Pilot Leslie Scott’s watch had been sitting in a safety deposit box for many years. Now retired, he wears an Apple Watch, and for most his career, including the record-breaking flight he’s known for, he wore a Seiko that he’s lost track of. But it’s this watch that means the most to him.
The battery was long dead, nary a character displayed on either of the two digital screens that characterize the Breitling Aerospace ref. 65062. Except this wasn’t any ordinary Breitling Aerospace. In place of the standard applied marker at 9 o’clock is an “M2” symbol, and at 3 o’clock, a side profile of the British Airways Concorde, a supersonic airliner known for traveling from New York to London in under three hours, less than half the time of any other contemporary airliner.
The “M2” insignia on the watch is a nod to the fact that the Concorde was able to cruise at Mach 2 across the Atlantic. That’s about 1,350 mph.
Much like the watch, the Concorde airframes have been sitting for a long time. The Concorde stopped flying in 2003, but even today, no modern civilian aircraft comes close to the level of speed the Concorde managed. The only two airlines to operate the aircraft, British Airways and Air France, decided to retire the entire fleet based on dwindling passenger numbers and rising costs. Additionally, the Concorde required an increasing level of maintenance and was the only airframe to require a flight engineer in order to fly, while every other airframe replaced this role with a computer. Twenty examples were built, and six of those were for testing and prototyping. Only 14 entered commercial service. Now they reside in museums around the world.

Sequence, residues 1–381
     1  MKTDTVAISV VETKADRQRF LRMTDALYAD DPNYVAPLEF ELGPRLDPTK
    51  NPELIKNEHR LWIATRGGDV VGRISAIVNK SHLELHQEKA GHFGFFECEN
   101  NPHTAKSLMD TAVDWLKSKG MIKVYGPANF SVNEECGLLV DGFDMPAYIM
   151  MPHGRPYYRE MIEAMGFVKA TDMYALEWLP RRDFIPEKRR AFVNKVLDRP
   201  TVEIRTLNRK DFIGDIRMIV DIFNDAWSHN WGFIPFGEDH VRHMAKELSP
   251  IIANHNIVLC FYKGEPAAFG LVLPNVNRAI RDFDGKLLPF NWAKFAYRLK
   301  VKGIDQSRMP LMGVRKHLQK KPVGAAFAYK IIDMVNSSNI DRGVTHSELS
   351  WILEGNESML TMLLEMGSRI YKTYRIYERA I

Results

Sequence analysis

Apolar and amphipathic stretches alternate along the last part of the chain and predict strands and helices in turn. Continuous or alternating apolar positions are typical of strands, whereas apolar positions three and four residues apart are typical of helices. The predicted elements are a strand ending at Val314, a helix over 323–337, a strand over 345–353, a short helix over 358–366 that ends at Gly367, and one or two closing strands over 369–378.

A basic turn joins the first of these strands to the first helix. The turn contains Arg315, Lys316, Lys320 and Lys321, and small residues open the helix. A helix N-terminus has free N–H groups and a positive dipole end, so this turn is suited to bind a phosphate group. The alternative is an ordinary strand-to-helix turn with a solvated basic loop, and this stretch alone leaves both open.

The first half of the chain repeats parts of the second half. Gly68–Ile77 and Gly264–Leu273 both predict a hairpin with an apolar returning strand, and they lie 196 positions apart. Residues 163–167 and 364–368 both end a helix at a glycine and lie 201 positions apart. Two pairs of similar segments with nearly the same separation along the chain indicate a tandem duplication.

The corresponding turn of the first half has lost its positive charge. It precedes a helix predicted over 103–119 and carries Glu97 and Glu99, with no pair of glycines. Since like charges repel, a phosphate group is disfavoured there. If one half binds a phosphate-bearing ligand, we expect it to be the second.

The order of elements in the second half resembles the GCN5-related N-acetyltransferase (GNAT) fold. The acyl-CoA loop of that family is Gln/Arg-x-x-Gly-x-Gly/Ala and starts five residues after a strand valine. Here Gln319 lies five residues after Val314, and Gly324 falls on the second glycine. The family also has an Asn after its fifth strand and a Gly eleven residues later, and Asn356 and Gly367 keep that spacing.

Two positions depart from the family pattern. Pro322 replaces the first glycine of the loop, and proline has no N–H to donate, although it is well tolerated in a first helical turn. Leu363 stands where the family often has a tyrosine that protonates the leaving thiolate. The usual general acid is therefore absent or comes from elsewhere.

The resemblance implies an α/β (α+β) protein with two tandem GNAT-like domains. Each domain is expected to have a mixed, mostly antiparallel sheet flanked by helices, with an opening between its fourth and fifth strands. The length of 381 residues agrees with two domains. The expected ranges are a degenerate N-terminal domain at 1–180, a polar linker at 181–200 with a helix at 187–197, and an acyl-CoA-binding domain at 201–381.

Leslie Scott was a British Airways captain on the Concorde from 1994 until his retirement in 2002. The Breitling Aerospace Concorde limited edition belongs to him. Jock Lowe, a former Concorde pilot turned commercial officer for the British Airways Concorde program, inked a deal with Breitling to create 100 examples of the Aerospace ref. 65062 with Concorde branding in the late ’90s that were offered to pilots and crew of the plane. Scott snatched one up to compliment his everyday watch, a Seiko he bought in his first year as a pilot with BOAC (which later merged with BEA to become British …read more